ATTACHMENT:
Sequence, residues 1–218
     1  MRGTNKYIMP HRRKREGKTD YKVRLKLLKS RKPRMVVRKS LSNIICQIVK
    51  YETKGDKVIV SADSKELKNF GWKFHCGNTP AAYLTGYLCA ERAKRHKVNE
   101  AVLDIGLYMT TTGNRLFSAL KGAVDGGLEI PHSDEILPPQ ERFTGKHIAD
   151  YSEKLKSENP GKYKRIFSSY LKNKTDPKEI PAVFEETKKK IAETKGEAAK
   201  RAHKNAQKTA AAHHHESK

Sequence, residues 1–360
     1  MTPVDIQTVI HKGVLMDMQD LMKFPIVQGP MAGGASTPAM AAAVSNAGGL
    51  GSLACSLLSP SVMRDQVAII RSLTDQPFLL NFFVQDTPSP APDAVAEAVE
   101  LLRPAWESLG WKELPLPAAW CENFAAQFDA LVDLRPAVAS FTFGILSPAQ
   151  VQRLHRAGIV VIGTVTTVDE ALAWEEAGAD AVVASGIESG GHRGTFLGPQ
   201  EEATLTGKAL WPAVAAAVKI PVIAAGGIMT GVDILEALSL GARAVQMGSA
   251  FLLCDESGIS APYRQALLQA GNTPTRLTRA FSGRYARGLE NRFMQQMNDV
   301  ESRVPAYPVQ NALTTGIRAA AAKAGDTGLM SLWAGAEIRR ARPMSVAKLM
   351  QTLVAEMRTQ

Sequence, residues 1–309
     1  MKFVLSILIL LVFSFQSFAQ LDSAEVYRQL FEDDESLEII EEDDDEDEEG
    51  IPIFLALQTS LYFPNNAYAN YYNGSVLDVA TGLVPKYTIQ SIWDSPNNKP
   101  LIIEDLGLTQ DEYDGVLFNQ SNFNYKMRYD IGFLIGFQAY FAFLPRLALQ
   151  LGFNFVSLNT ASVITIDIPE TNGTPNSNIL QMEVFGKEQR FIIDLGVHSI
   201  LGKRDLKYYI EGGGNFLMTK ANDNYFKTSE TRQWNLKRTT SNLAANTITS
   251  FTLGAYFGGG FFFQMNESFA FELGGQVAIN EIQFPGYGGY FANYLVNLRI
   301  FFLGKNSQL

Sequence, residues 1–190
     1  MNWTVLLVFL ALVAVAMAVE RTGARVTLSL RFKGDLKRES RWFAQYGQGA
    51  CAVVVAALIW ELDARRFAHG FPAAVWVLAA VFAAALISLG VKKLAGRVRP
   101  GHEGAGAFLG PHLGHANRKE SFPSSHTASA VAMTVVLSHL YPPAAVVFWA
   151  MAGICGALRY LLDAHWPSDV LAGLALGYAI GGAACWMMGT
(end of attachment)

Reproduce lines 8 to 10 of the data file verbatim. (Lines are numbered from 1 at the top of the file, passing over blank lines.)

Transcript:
     1  MTPVDIQTVI HKGVLMDMQD LMKFPIVQGP MAGGASTPAM AAAVSNAGGL
    51  GSLACSLLSP SVMRDQVAII RSLTDQPFLL NFFVQDTPSP APDAVAEAVE
   101  LLRPAWESLG WKELPLPAAW CENFAAQFDA LVDLRPAVAS FTFGILSPAQ